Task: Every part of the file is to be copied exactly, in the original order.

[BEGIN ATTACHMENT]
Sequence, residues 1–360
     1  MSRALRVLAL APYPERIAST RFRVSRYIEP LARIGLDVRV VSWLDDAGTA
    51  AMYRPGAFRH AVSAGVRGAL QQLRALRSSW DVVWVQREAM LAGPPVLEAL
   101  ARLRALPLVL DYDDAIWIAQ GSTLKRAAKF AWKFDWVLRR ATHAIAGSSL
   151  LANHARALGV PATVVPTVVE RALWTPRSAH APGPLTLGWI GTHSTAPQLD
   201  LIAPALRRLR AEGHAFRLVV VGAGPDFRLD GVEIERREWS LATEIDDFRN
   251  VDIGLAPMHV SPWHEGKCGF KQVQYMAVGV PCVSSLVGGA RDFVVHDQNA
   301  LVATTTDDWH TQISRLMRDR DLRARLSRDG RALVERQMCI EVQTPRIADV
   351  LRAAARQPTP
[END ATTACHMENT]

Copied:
Sequence, residues 1–360
     1  MSRALRVLAL APYPERIAST RFRVSRYIEP LARIGLDVRV VSWLDDAGTA
    51  AMYRPGAFRH AVSAGVRGAL QQLRALRSSW DVVWVQREAM LAGPPVLEAL
   101  ARLRALPLVL DYDDAIWIAQ GSTLKRAAKF AWKFDWVLRR ATHAIAGSSL
   151  LANHARALGV PATVVPTVVE RALWTPRSAH APGPLTLGWI GTHSTAPQLD
   201  LIAPALRRLR AEGHAFRLVV VGAGPDFRLD GVEIERREWS LATEIDDFRN
   251  VDIGLAPMHV SPWHEGKCGF KQVQYMAVGV PCVSSLVGGA RDFVVHDQNA
   301  LVATTTDDWH TQISRLMRDR DLRARLSRDG RALVERQMCI EVQTPRIADV
   351  LRAAARQPTP